Kerry's remarks set off a storm on both sides of the aisle
By ROBERT MARCHANT
THE JOURNAL NEWS
U.S. Sen. John Kerry told a college crowd Monday: "You know education, if you make the most of it, and you study hard, and you do your homework and you make an effort to be smart, you can do well. If you don't, you get stuck in Iraq."
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(Original publication: November 2, 2006)
A flubbed joke or a slam on American troops serving overseas, Sen. John Kerry's remark at a campaign rally continued to reverberate through the national political spectrum yesterday and amped up tough talk among candidates in the Lower Hudson Valley.
Republicans spent the day focusing on Kerry's gaffe as a demonstration of what they called a disrespectful attitude toward the military, while Democrats were more interested in changing the subject to the larger issue of the war in Iraq.
In a campaign appearance on Monday in California, Kerry said, "You know education, if you make the most of it, and you study hard, and you do your homework and you make an effort to be smart, you can do well. If you don't, you get stuck in Iraq." He later insisted he was intending to make a joke about President Bush and inadvertently left out a phrase at the end - "just ask President Bush" - that would have landed the jibe at the president and his handling of the war, not the troops.
At first defiant - "I'm not gonna let these guys distort something completely out of its context," he said on the Don Imus morning show - Kerry later said he was sorry for the remarks. "I personally apologize to any service member, family member, or American who was offended," he said in a prepared statement released in the afternoon.
Congressional candidates made it clear Kerry was no longer welcome to campaign for them in Iowa and Minnesota, and Kerry canceled scheduled appearances.
Republicans had called for Kerry to apologize for the remarks, whatever their true intent, from the White House to campaign stops all over the New York suburbs.
John Spencer, the Republican-Conservative candidate for U.S. Senate and a former Yonkers mayor, summed up the sentiment yesterday, saying: "As a veteran who left college and volunteered to serve in Vietnam, I am appalled by his remarks. Senator Kerry doesn't seem to understand that our all-volunteer military is filled with the best and the brightest that our nation has to offer."
Sen. Hillary Rodham Clinton later called Kerry's remarks "inappropriate" at a campaign stop in Kingston, but said voters didn't want a replay of the 2004 presidential race.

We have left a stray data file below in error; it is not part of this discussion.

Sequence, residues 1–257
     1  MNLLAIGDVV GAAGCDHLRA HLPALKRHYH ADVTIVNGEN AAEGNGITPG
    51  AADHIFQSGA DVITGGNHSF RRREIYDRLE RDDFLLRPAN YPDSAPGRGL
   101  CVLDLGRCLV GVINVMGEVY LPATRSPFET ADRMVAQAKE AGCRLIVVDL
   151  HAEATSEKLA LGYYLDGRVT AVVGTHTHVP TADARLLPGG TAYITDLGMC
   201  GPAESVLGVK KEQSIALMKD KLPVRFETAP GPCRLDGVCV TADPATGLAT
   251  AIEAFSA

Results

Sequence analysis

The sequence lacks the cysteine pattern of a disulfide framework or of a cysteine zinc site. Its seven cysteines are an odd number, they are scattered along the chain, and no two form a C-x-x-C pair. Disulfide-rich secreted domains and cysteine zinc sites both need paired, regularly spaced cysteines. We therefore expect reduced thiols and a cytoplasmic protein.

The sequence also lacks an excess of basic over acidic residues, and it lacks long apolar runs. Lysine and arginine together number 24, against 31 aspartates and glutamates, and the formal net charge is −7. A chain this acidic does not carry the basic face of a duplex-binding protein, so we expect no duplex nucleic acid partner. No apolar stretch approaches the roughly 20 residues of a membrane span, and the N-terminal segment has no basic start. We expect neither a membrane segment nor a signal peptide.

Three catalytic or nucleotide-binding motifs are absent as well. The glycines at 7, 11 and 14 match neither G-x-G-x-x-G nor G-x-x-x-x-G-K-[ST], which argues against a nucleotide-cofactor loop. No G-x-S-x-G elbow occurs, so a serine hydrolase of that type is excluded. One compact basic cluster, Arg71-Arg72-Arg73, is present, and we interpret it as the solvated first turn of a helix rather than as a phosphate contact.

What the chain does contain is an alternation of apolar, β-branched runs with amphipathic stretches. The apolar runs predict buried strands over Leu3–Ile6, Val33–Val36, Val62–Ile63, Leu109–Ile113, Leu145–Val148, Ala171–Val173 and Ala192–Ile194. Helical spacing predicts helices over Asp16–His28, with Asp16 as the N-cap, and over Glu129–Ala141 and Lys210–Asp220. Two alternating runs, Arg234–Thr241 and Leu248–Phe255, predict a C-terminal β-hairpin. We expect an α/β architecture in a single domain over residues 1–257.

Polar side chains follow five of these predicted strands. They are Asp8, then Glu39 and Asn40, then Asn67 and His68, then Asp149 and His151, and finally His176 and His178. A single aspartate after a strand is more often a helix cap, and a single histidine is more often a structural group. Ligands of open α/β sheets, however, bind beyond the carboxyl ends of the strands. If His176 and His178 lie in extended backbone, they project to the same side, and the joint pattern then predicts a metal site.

Aiming to turn the Kerry gaffe into political ammunition, Rep. Sue Kelly, R-Katonah, said her Democratic opponent, John Hall, needed to condemn the remarks. "It displays volumes about Hall's real attitude toward our military and those who are serving our country that he has yet to utter a single line critical of Senator Kerry's words," she said yesterday.
But Democrats have been dismissive of the entire controversy, attempting to turn it back against Republican policy-makers.
"John Kerry can defend himself. He doesn't need John Hall to defend him," said Hall spokesman Tom Staudter. "And the voters are more interested in knowing why Congresswoman Kelly voted for the war in Iraq to begin with and continues to support the president's ruinous policies. It's typical they're playing a game with semantics."
U.S. Rep. Eliot Engel, D-Bronx, said the reaction to Kerry's comment was "right out of the Republican playbook" and blamed Republican strategist Karl Rove for fueling the brouhaha. "They seize upon somebody's remark, they take it out of context and they try to hit a home run with it," Engel said, adding that a Kerry apology was a good idea because some people were legitimately offended and it would defuse the issue.
Brian Nickerson, an expert on politics, wondered whether the Republican outrage would last much longer and how useful it would prove with voters.
"It's not going to have much impact on the national elections," said Nickerson, the director of the Michaelian Institute at Pace University. "The more the Republicans pay attention to it, the more it reinserts them into the danger zone of Iraq, of having to defend themselves on their policies in Iraq. It might actually work in favor of the Democrats, if you think the strategy through on the chessboard."
Whatever the ultimate political result, two things were certain, Nickerson said. It was another political disaster for John Kerry. "He comes across as being stiff, and when he attempts humor, he doesn't get it right. It certainly puts another nail in the coffin of Kerry's possibility of resurrecting himself as a Democratic front runner" in the 2008 presidential election, Nickerson said.
And it highlighted what he said was a weakness that had come to haunt Democratic campaigners on the national stage. "The Republicans are much better at presentation and use of language. They spend much more time on it," he noted. "For Democrats, there's a need to spend time on image-polishing."